All-female Team Wins Nobel Prize in Chemistry

08.10.2020 - An all-female team comprised of Emmanuelle Charpentier from the Max Planck Unit for the Science of Pathogens, Berlin, Germany, and Jennifer A. Doudna from the University of California in Berkeley, USA, has won the 2020 Nobel Prize in Chemistry awarded by the Royal Swedish Academy of Sciences.

The pair, who received the honor for their discovery of the CRISPR/Cas9 genetic scissors, a method of gene editing to change the DNA of animals, plants and microorganisms with extremely high precision, are only the sixth and seventh women to win the coveted prize. The first was Marie Curie and later her daughter Irène Jolio-Curie, who won it together with her husband, Frédéric Jolio-Curie.

Charpentier’s study of the harmful Streptococcus pyogenes bacteria was the kickstarter for the German-American research project. In the course of her work, the Max Planck scientist discovered a previously unknown molecule, tracrRNA, and proved that it is part of bacteria’s ancient immune system that disarms viruses by cleaving their DNA. In 2011, Charpentier teamed up with Jennifer Doudna, an experienced biochemist with vast knowledge of RNA.

Together the two succeeded in recreating the bacteria’s genetic scissors in a test tube and simplifying the molecular components to make them easier to use, subsequently also reprogramming the hypothetical scissors. In their natural form, the scissors recognize DNA from viruses, but Charpentier and Doudna proved that they could be controlled so that they can cut any DNA molecule at a predetermined site.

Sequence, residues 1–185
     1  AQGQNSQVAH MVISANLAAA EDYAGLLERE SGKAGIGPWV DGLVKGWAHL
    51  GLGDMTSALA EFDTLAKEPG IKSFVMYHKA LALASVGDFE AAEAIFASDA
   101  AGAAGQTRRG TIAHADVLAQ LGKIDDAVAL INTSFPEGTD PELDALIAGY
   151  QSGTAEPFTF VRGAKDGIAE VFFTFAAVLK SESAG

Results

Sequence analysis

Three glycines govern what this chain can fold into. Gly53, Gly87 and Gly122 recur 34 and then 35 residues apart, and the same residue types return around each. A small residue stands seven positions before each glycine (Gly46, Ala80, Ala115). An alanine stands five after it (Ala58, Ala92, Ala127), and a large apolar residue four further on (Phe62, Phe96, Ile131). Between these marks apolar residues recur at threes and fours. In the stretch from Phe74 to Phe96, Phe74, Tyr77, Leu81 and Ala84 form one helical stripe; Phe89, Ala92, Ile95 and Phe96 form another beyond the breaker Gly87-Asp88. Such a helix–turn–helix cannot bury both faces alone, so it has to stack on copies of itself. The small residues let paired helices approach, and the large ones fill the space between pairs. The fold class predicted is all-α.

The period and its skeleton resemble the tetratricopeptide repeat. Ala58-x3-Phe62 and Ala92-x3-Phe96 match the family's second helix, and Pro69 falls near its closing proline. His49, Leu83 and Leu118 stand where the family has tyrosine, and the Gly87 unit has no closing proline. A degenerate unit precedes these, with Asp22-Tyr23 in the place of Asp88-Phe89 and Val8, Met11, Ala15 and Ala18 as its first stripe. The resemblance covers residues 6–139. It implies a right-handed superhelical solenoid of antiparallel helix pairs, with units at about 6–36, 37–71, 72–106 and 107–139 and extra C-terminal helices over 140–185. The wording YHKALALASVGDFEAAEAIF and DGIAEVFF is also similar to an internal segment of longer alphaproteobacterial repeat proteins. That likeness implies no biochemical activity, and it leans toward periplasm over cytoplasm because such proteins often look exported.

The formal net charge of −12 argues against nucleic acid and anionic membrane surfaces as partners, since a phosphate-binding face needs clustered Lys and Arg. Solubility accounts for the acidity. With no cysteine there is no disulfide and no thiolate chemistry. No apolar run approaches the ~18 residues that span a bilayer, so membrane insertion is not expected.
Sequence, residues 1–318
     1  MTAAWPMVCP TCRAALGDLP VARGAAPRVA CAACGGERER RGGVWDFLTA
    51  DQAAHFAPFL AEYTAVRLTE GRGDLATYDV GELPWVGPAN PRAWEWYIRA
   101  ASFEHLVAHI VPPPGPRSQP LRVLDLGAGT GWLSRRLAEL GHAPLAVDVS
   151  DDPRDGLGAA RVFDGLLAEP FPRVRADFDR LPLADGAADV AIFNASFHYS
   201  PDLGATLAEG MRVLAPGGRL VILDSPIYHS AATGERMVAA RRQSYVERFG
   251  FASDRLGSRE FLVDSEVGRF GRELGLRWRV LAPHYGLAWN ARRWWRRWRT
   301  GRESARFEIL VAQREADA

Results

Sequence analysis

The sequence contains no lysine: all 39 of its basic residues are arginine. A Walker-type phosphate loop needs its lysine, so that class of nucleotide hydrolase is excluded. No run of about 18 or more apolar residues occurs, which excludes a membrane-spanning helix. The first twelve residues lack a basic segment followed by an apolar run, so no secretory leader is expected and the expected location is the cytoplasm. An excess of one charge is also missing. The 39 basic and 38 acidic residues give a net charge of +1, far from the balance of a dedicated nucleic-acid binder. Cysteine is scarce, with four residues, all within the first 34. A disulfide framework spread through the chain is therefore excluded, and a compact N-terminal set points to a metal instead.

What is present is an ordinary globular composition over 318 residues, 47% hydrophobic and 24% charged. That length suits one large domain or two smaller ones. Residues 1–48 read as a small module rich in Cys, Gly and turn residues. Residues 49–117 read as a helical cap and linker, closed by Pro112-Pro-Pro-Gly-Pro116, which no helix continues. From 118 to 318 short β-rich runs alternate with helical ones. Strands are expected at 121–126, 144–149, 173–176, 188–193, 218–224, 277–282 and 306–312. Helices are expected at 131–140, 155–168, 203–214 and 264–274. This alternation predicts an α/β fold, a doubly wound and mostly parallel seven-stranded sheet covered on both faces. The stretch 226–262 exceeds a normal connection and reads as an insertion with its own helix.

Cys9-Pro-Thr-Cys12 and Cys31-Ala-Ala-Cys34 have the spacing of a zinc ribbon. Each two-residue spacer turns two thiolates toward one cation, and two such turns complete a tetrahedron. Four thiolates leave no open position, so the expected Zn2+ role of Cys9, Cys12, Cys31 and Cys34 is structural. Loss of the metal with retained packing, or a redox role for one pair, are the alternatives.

The structure of the CRISPR/Cas9 genetic scissors combines the concepts Clustered Regularly Spaced Short Palindromic Response and the Crisper-associated system of genes for enzymes that can cut DNA. This genetic tool “has not only revolutionized basic science, but also resulted in innovative crops and will lead to ground-breaking new medical treatments,” Claes Gustafsson, chair of the Nobel Committee for Chemistry, declared in announcing the winners.

Discovery of the genetic tool has been of considerable value to the biochemical and biopharma industries as well as academia. With it, plant researchers, for example, have been able to develop crops that withstand mold, pests and drought, thereby helping to formulate new protection systems. The gene editing method is also used in clinical trials for new cancer therapies as well as in finding cures for hereditary diseases not that far in the future, as the Nobel committee noted.


Author: Dede Williams, Freelance Journalist